Laurea in Early Modern History from the University of Florence. Author of the books Tra religione e magia.Storia del prete modenese Guglielmo Campana (1460?-1541), (Firenze, Olschki, 1999), and Under the Devil’s Spell.Witches, Sorcerers, and the Inquisition in Renaissance Italy, published by Syracuse University in Florence in the Villa Rossa Series in 2007.
Organized, with Dinora Corsi (University of Florence) the international conference “Thou Shalt not Suffer a Witch to Live. Witches in Treatises and Trials (XIV-XVII centuries)”, held at Syracuse University in Florence and at the University of Florence (Oct. 20-21, 2006). Co-edited the proceedings, which were published as Non lasciar vivere la malefica.Le streghe nei trattati e nei processi (secc. XIV-XVII) by Firenze University Press in 2008.
Co-edited (with Mario Biagioni and Lucia Felici) the volume Fratelli d’Italia. Riformatori italiani del Cinquecento (Torino, Claudiana, 2011).
Other publications include articles in scholarly journals such as Italian History and Culture, Archivio Storico Italiano, and the Mélanges de l’École française de Rome, for major reference works such as The Encyclopedia of Witchcraft: The Western Tradition (Santa Barbara, CA, ABC-Clio, 2006) and Dizionario storico dell’Inquisizione(Pisa, Edizioni della Normale, 2011), as well as for collective volumes such as Per il Cinquecento religioso in Italia (2003); I Vincoli della natura: magia e stregoneria nel Rinascimento (2012).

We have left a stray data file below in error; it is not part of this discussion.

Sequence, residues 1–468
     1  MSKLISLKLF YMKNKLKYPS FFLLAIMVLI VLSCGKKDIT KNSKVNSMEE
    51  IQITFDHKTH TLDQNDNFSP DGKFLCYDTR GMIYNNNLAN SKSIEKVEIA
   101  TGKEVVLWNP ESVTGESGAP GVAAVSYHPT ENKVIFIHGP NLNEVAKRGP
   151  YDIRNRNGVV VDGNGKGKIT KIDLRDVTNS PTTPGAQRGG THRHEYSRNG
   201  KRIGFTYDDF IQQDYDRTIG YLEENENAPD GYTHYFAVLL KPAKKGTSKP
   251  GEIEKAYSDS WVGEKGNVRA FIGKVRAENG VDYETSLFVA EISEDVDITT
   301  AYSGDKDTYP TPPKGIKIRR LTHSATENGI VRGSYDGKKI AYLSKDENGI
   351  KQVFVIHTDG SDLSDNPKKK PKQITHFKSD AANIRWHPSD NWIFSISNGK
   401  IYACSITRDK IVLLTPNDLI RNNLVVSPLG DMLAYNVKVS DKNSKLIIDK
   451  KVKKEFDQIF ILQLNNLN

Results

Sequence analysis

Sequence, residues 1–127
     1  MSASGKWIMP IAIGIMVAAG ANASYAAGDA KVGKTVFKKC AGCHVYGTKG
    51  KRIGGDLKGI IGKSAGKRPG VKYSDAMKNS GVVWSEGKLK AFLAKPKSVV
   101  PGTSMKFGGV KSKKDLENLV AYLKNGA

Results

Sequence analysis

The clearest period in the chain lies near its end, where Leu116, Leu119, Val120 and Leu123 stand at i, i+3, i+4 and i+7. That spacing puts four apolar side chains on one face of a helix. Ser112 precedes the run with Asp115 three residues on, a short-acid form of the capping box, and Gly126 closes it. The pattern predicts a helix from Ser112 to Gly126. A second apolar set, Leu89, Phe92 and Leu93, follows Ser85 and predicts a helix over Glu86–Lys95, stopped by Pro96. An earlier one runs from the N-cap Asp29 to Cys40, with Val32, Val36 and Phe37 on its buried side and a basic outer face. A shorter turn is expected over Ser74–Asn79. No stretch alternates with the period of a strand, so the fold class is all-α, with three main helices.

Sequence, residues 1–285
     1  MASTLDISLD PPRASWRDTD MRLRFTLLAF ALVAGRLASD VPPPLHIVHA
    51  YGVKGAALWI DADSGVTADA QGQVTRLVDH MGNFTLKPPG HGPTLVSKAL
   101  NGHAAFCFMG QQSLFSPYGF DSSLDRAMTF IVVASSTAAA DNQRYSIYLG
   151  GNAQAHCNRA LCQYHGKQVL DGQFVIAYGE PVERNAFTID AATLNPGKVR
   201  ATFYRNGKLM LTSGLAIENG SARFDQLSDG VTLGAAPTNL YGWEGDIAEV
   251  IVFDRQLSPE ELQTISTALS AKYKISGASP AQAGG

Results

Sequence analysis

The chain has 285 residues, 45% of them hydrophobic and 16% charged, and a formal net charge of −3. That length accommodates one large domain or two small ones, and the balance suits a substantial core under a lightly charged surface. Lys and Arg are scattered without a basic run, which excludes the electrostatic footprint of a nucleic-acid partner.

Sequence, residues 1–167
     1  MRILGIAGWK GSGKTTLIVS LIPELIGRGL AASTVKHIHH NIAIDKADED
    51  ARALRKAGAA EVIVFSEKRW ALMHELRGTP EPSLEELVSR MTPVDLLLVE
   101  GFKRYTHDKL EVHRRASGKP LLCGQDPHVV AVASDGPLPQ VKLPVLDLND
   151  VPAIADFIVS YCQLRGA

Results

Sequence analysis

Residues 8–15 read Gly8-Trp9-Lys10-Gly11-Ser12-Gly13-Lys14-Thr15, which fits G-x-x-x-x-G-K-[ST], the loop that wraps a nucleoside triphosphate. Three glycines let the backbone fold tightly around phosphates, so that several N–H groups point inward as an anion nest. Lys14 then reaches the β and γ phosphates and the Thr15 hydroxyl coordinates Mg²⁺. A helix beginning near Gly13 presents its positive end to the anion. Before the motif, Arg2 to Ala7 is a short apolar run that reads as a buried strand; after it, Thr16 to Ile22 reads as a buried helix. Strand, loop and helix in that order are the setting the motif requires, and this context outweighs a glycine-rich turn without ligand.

Has been awarded grants from the Italian Ministry for Foreign Affairs, the École Française de Rome, the University of Florence, and from Harvard University Center for Italian Renaissance Studies at Villa I Tatti.
He is part of the editorial committee of the series “Studi e testi per la storia religiosa del Cinquecento” published by L. S. Olsckhi.
Teaches undergraduate and graduate courses in Italian Renaissance history and the history of witchcraft. Prof. Duni is currently working on a survey book of witchcraft and witch-hunting in Italy from the Middle Ages to the Eighteen century.